We weren't going to post Wright Salisbury''s latest article because it doesn't talk about Iraq. We deplore the American penchant for denial, and each new debacle seems to enable the U.S. public to ignore the disasters we have caused in the past. In some ways our incursion into Afghanistan serves to take our minds off the devastation we brought to the Iraqi people.
Our use of violence in Afghanistan as well as Iraq helps us ignore the growing number of American families who simply do not have enough to eat. We are talking about some 49 million Americans, according to U.S. Agriculture Secretary Tom Vilsack.
However, Wright's impassioned piece deserves to be read. We agree with him. We think you should take the time to see if you do also. And if so, then take at least the minimal action of letting your elected representatives know how you feel. It will only take you a few minutes, and the lives you save and the pain you help avoid will be worth it.
Boots on the ground or food on the table?
At $1,000,000 per year to put a soldier in Afghanistan and unemployment topping 10%, which do we value more — fighting a war almost certainly doomed to failure or feeding, clothing, housing and providing health care to our own people?
Seems like a no-brainer, doesn’t it?
Think outside the box, Mr. President
Just because you inherited two wars from your mentally- and morally-challenged predecessor, you are not obliged to continue them. Back in the 60’s, people used to ask, “What if they gave a war and nobody came?” That was in the Vietnam era, when young people were being drafted. Lyndon Johnson sat in the White House suffering severe depression as people marched out front, chanting, “Hey, hey, LBJ. How many kids did you kill today?”
He was so depressed, he declined to run for another term, and Richard Nixon became the next president. Hardly an improvement.
But that did put an end to the Selective Service System. From then on, if we fought a war, we would not draft college kids. We would use our National Guard, which was peopled by middle class folks who wanted to earn a little extra money.
Do something unprecedented: Use your head.
I’m serious. No one has ever declared a war over before his country was definitively defeated. No one. Not Germany, not England or Spain or Portugal of France. Be the first to admit that your country can’t win a war and, more than that, recognize your error and end the war in Afghanistan and our continued presence in Iraq.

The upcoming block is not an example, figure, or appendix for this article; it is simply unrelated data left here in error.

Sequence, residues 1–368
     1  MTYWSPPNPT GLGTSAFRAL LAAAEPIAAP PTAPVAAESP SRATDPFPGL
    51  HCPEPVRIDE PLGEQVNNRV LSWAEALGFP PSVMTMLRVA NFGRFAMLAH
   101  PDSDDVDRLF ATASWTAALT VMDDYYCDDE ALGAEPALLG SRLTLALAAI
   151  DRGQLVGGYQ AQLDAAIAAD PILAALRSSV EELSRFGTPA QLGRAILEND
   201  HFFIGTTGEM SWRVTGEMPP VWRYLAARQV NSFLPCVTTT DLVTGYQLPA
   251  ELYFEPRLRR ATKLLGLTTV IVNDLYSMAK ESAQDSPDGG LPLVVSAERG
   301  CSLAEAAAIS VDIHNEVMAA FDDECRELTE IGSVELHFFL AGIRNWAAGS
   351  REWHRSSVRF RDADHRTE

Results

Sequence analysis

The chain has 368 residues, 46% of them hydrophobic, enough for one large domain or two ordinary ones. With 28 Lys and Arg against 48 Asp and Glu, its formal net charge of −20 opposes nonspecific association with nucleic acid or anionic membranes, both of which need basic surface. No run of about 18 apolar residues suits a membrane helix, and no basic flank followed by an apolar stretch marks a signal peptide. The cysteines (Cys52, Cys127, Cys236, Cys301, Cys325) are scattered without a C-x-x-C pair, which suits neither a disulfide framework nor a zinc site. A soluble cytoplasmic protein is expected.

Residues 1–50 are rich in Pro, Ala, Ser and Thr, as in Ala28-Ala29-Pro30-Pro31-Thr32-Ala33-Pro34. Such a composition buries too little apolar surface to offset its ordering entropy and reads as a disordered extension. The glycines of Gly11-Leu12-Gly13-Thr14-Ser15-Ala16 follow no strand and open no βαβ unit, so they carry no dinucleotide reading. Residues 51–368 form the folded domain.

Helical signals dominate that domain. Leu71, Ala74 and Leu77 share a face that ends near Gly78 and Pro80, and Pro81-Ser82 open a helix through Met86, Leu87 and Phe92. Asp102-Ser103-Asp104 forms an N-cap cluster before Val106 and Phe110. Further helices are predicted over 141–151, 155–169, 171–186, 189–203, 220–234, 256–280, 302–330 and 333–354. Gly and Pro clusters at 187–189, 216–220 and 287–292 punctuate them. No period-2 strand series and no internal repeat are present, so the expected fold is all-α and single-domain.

You have every excuse in the world, and except for a few right wing nuts, you would be applauded for saving the country from disaster. If you need a reason to give the American people for the decision, here are six reasons, any one of which alone provides sufficient grounds for ending the war.
1) Our allies don’t want to send more than token forces, if that. What do they know that we don’t? Well, for one thing, they know the war is very unpopular with their people. A majority of Americans also think we should get out of Afghanistan.
2) Our country is not at peril from the Taliban, and Al Queda is a stateless organization that can find sanctuary elsewhere and is doing so.
3) What is so special about Afghanistan? If we are freeing people from oppression, why did we not intervene in Rwanda, where a million people were killed in a war between the Tutsis and the Hutus?
4) The government of Harmid Karzai is deeply unpopular and untrusted by the people of Afghanistan, because it is corrupt and shows no tendency whatever to change its ways.
5) We can’t allow more of our young people to be killed or wounded in wars of questionable necessity.
6) And finally, we can’t afford this war. Our economy is in tatters.
Don’t be fooled by reassurances from our military commanders. Generals fight. That’s what they do for a living. But tell them to stop fighting and they will stop, because you are the Commander in Chief.
You decide, Mr. President.
Wright Salisbury lost his son-in-law, Edward Hennessy, Jr. in the 9/11 attack. He is also the founder of The Alliance for Jewish-Christian-Muslim Understanding, Inc., a non-profit organization dedicated to building bridges of understanding between people of different faiths.